Gym Goers Earn Higher GPAs
College students try many things to improve their grades. Some pull all nighters before exams, others spend countless hours in the library or with study groups. A segment of students even take ADHD drugs such as Adderall in a misguided attempt to boost their brain power. But now new research suggests that academic prowess may be enhanced simply by doing something we should all be doing anyway--exercising.
The study, which took place at Michigan State University in East Lansing, found that those students who are members of a campus fitness center tend to have higher grade point averages than their peers who are not belong to such a facility.1 The subjects were 4,843 freshmen and sophomores enrolled at Michigan State. They were divided into two groups: those who belonged to the gym at the school and those who did not belong there. Their grades were analyzed, and the researchers determined that those who were recreation center members had cumulative GPAs 0.13 points above their nonmember counterparts.
Plus, there were additional benefits determined to go hand in hand with belonging to the fitness center, aside from the better grades. Gym goers were shown to complete a greater number of credits by the time they were finishing freshman year and they were more likely to remain in school longer, curbing the rate of dropping out or transferring elsewhere by 3.5 percent. While the difference in GPA is only 0.13 points, this may be just enough of a bump to help a student to graduate with a cum laude distinction, get accepted to a more competitive graduate school program, or, for those struggling a little more, to remain off academic probation. Also, completing more credits and preventing a school transfer can both help kids earn their degree on time or even early--a major financial boon since college is so expensive. So it would appear that joining the campus fitness center can give students a leg up on numerous levels.
It makes sense that a regular exercise program would potentially improve grades, as a 2010 study at the University of Illinois at Urbana-Champaign found that even doing moderate aerobic exercise gives the brain a cognitive boost.2 In addition, there are the wonderful health benefits of daily workouts that include weight control (helping you avoid gaining the freshman 15 after all those keg parties and late night pizzas),3 disease prevention, and stress relief. After all, writing papers and cramming for exams can certainly put pressure on a college student, and working out has been demonstrated in numerous studies to lower stress levels.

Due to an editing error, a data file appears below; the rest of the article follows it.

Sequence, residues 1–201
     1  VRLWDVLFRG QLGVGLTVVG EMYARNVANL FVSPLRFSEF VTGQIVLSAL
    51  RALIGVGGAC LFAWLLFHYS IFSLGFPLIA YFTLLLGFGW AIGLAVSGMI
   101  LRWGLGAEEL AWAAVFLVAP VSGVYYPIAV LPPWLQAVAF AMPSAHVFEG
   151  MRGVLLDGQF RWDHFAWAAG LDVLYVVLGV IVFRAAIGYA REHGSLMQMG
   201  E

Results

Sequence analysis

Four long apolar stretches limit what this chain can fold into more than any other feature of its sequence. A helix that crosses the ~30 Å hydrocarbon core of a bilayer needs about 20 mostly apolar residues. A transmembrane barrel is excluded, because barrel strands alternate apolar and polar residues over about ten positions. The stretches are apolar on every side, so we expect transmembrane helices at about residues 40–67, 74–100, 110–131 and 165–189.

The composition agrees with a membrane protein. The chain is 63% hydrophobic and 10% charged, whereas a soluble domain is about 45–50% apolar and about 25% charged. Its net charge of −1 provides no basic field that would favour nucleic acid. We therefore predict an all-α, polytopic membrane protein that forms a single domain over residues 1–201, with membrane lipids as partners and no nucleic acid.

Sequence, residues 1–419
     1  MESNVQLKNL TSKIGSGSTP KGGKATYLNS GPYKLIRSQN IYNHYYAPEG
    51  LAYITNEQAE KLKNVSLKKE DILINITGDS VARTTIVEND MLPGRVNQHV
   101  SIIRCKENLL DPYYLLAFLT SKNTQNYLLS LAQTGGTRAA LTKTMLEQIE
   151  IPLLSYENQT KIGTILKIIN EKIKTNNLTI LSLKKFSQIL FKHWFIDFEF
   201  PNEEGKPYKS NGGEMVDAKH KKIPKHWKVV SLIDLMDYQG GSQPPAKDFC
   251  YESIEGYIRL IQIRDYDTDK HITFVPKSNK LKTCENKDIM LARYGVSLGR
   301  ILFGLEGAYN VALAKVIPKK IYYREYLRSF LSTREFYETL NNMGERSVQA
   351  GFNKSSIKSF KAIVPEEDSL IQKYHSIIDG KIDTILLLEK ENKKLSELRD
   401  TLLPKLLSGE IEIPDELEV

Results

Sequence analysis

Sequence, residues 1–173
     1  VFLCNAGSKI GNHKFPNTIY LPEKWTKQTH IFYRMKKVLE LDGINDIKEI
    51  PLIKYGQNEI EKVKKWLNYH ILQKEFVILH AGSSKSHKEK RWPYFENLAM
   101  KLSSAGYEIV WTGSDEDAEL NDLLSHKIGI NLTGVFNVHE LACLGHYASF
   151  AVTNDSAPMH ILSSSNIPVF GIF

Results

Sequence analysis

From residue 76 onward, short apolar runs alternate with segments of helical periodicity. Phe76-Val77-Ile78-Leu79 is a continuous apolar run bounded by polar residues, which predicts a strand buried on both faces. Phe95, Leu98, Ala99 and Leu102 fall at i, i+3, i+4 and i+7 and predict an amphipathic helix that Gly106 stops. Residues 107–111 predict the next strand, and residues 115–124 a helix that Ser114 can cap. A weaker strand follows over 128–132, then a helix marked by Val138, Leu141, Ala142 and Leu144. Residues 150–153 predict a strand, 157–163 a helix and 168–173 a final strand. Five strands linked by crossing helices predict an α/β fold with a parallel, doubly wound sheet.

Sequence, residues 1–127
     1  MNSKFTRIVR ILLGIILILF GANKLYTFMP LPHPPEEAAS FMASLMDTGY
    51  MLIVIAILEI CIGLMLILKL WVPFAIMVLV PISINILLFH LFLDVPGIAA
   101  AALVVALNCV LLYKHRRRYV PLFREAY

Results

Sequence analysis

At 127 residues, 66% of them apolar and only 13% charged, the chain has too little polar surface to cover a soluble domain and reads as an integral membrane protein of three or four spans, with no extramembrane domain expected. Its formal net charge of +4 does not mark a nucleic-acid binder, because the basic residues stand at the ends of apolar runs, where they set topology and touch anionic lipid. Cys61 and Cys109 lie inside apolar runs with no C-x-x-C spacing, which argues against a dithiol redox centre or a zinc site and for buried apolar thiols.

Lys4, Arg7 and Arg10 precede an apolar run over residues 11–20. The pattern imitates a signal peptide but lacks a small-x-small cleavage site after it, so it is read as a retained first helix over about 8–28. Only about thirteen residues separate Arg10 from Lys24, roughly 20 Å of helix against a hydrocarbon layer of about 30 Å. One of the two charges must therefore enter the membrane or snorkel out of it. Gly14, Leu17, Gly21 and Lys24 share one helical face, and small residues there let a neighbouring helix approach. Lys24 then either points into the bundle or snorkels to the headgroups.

Therefore, it might be worthwhile when considering the myriad of factors that go into deciding on which university to attend to include in the deliberation whether there is a fitness facility on or conveniently close to campus. If it is not easily accessible, chances are good that students will not take advantage of a gym. And it may well be a smart move for universities to incorporate, if they do not do so already, an exercise center onto the campus itself, as it seems the school could reap the benefits of retaining a higher percentage of students…not to mention the added bonus of some extra revenue derived from paid memberships.
And, while joining a gym is a great way to get motivated to exercise, students should remember that the benefits to both mind and body come from working out every day, which certainly does not have to take place in a fitness center. Running, biking, walking, and similar pursuits are all wonderful cardiovascular activities that do not require a membership at any facility. Small sets of free weights and resistance bands do not take up much space and toning exercises can be performed indoors or out. The important point is that if you are active every day, you will find the rewards accumulate pretty quickly.
- 1. Friend, Nina. "If You Want a Higher GPA, Study Shows You Should Join a Gym." Huffington Post. 11 July 2014. Accessed 20 July 2014. http://www.huffingtonpost.com/2014/07/11/gym-higher-gpa-msu-study_n_5575054.html
- 2. Yates, Diana. "Attention, couch potatoes! Walking boosts brain connectivity, function." University of Illinois. 26 August 2010. Accessed 21 July 2014. http://news.illinois.edu/news/10/0826walk.html.
- 3. Jennifer Warner. "Freshman 15: College Weight Gain Is Real." WebMD News Archive. July 28, 2009. (Accessed 22 Jul 2014.) http://www.webmd.com/diet/news/20090728/freshman-15-college-weight-gain-is-real